Residents across Arkansas are invited to help identify areas of critical need for high-speed broadband Internet access, particularly in rural areas of the state.
Access to fast and reliable internet service is important to the economic and social well-being of Arkansans, said Stacey McCullough, director of the Public Policy Center for the University of Arkansas System Division of Agriculture. Understanding where gaps in service exist is critical to addressing those gaps and provide support to community leaders and the Arkansas State Broadband Office.
This work is in coordination with the State Broadband Plan, released by Gov. Asa Hutchinson in May.
McCullough said identifying the areas of greatest need throughout Arkansas is crucial to producing a statewide broadband network that truly serves its constituents.
“Addressing issues related to awareness, access, availability, adoption and utilization are all necessary to fully realize the benefits of e-connectivity for Arkansans,” McCullough said. “Accurate data to inform policy is also important.”
Residents can contribute to this national effort to identify gaps and service issues across the state by participating in an anonymous broadband speed test at http://broadbandtest.us. Testing in both rural and urban geographic areas using more than one device is encouraged. Participants are also encouraged to share this link with others in your community so they can participate.
Information gathered through this study includes each device’s IP address, but will not include personal identifying information about the user. After the test, participants may review and compare research results with the published results of the Federal Communications Commission using an interactive mapping feature.
Rick Cartwright, senior associate vice president for agriculture for the Division of Agriculture, said bringing broadband connectivity to all areas of Arkansas will be key to competing in economy of the 21st century.
“The digital economy is here, and to fully participate every Arkansan needs access to reliable and fast broadband service, wherever they live and work,” Cartwright said. “It is critical to the future development of Arkansas that we work together to identify gaps in our broadband coverage and thus improve access for all.”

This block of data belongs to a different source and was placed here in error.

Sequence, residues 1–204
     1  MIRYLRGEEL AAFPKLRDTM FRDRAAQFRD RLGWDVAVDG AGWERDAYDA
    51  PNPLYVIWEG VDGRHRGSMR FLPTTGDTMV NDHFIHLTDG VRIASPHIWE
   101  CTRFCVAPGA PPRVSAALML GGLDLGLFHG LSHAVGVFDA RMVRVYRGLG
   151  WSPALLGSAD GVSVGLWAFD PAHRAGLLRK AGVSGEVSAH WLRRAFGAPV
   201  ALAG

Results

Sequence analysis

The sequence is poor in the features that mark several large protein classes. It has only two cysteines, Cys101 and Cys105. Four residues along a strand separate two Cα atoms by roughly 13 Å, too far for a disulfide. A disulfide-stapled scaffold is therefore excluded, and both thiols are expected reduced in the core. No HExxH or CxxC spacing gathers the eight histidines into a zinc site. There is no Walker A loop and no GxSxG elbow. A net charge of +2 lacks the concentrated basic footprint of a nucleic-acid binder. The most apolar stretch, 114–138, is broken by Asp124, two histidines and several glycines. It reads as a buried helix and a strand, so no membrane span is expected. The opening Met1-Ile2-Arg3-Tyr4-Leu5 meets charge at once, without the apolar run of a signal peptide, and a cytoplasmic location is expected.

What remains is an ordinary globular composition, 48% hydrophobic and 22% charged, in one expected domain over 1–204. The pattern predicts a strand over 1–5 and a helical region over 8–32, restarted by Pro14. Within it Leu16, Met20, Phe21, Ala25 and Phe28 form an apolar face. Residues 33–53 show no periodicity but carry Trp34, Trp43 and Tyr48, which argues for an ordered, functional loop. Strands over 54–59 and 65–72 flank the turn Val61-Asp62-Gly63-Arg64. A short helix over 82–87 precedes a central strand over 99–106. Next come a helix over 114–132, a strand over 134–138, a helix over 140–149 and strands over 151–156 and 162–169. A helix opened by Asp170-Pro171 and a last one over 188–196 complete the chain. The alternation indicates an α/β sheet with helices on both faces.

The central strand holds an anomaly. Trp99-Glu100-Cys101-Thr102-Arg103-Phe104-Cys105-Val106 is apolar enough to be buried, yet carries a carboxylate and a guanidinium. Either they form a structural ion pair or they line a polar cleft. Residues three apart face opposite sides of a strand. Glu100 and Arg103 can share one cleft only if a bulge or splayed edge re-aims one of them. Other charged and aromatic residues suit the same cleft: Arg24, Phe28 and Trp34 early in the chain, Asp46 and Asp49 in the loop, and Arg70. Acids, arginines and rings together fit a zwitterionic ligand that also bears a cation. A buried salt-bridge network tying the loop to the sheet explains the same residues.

Mark Cochran, vice president-agriculture for the University of Arkansas System and head of its Division of Agriculture, urged Arkansans to take part in the survey.
“Given the importance of broadband access to the economic progress of the state, the quality of life for Arkansans and the essential role that high speed broadband needs to play in the future of the state, I strongly encourage everyone to participate in the efforts to identify the gaps in our service,” he said. “The future of the state’s economy, its medical care, its education system and our rural communities depend upon access to high speed broadband connectivity.
“The technology necessary to keep agriculture, the state’s largest industry, competitive will depend more and more on high speed broadband access,” Cochran said.
This effort is being supported by the Extension Committee on Organization and Policy, the National Digital Education Extension Team, land-grant university leaders, and Cooperative Extension System economic development partners.
Earlier this week, Hutchinson announced the Arkansas Rural Connect program, which will allocate $25 million to bring high-speed broadband to Arkansas towns. The high-speed broadband must have a rate of at least 25 megabits per second for download and 3 megabits per second for upload – in shorthand, 25/3.
Individuals with questions about the broadband speed test or related issues can contact McCullough at [email protected]